The satellite launch took place around 10:42 pm on Tuesday and the Malligyong-1 reconnaissance satellite was placed in orbit about 12 minutes later.
North Korea called its failed attempt to launch a purported military reconnaissance satellite the “most serious” shortcoming in the first half of this year and reaffirmed its pledge to put it into orbit soon, Pyongyang’s state media said on Monday.
North Korea made the assessment following a plenary meeting of the 8th Central Committee of the ruling Workers’ Party of Korea, attended by leader Kim Jong-un, that wrapped up the previous day, referring to its botched attempt to launch a rocket carrying a military spy satellite on May 31, Yonhap news agency reported.
The “Chollima-1” rocket carrying a military reconnaissance satellite, “Malligyong-1”, took off from a new launch pad at the Sohae Satellite Launching Ground but crashed into the Yellow Sea following what Pyongyang claimed was the “abnormal starting” of the second stage engine of its space rocket.
“The most serious one was the failure of the military reconnaissance satellite launch, the important strategic work in the field of space development, on May 31,” the North’s Korean Central News Agency (KCNA) said in an English-language dispatch, citing the failure as among the “shortcomings that cannot be overlooked”.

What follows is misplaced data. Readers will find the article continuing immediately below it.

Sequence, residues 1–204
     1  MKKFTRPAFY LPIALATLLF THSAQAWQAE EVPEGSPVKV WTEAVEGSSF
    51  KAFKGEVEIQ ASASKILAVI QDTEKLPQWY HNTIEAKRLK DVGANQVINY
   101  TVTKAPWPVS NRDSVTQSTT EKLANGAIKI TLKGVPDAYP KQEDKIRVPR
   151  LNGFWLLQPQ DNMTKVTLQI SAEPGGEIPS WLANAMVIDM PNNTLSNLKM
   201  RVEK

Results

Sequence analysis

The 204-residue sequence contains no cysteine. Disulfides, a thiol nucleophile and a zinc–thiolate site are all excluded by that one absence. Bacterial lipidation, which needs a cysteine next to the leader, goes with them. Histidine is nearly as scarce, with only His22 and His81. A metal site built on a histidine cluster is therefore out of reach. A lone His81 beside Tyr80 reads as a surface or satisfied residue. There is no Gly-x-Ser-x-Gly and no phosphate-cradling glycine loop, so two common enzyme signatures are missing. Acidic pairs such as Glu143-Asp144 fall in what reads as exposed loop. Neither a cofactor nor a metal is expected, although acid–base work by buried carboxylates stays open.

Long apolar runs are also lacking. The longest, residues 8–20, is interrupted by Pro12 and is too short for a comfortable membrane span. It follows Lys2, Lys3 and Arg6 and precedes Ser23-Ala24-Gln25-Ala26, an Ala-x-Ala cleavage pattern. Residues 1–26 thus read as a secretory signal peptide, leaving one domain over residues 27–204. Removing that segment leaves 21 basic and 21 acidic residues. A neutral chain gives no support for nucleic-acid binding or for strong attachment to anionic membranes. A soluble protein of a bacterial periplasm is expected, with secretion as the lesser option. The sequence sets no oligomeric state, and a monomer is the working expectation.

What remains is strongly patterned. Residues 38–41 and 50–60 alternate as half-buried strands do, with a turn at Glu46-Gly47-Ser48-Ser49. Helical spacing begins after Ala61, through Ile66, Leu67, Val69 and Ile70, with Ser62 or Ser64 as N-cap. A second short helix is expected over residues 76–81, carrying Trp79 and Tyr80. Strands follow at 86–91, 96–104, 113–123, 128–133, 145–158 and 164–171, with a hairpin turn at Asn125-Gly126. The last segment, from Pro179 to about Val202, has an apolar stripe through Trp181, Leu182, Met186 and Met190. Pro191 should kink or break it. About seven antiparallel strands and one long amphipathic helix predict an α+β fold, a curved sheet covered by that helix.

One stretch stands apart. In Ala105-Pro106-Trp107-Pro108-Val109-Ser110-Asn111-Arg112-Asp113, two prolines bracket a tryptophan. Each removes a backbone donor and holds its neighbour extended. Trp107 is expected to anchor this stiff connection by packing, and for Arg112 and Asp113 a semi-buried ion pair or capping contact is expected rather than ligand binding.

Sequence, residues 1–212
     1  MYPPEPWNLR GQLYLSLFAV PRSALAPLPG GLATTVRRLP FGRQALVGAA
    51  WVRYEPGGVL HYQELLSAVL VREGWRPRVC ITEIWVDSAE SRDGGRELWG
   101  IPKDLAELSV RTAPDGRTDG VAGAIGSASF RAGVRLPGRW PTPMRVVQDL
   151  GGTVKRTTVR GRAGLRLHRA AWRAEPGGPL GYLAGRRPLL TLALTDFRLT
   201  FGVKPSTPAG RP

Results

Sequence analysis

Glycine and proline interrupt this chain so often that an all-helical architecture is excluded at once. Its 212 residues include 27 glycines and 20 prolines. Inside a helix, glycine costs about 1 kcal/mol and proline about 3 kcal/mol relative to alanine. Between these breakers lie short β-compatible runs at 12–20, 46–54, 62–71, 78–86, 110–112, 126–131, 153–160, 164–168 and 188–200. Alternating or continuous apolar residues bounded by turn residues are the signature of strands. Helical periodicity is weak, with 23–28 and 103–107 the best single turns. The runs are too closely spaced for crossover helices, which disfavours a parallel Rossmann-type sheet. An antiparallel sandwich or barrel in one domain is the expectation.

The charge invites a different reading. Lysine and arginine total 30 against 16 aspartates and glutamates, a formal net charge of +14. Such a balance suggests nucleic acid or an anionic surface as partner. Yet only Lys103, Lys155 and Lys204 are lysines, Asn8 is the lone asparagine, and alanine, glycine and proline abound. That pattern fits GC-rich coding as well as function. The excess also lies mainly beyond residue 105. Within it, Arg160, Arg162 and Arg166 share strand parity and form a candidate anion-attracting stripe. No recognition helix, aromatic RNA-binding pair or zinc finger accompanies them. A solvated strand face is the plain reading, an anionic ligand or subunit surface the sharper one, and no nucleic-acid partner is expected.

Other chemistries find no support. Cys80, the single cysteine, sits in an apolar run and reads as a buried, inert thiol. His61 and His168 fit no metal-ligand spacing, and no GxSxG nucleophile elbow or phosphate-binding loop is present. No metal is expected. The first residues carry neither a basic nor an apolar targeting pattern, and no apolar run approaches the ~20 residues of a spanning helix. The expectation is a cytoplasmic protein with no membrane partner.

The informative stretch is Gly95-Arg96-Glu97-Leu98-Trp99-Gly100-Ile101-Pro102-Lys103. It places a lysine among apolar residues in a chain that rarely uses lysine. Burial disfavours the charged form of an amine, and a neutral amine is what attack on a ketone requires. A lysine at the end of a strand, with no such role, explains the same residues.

The KCNA said that officials who were responsible for the launch were “bitterly” criticised and that an order was made to thoroughly analyse the cause of the failure to “successfully launch the military reconnaissance satellite in a short span of time and thus make a shortcut to improving the capabilities of the Korean People’s Army’s reconnaissance intelligence”.
Pyongyang has vowed to “correctly” put the satellite into orbit soon despite global condemnation that the move “breaches multiple UN Security Council resolutions banning any launch using ballistic missile technology”.
During the three-day meeting that discussed the regime’s defence and diplomatic strategies, the North made clear its push to increase the “production of powerful nuclear weapons” to counter the “changed security situation”.
“The complicated and serious situation on the Korean peninsula which is getting out of control requires the DPRK to ceaselessly renew its military potentials and make a faster advance toward the bolstering up of its capabilities for self-defence,” it said, using the acronym of its official name, the Democratic People’s Republic of Korea.
During the key meeting, participants reviewed the goals it had laid out for the first half, such as increasing grain production and building new homes for economic development, and set forth new agenda items, including the “epoch-making measures for developing education” and the “important measures for intensifying the building of the Party discipline.”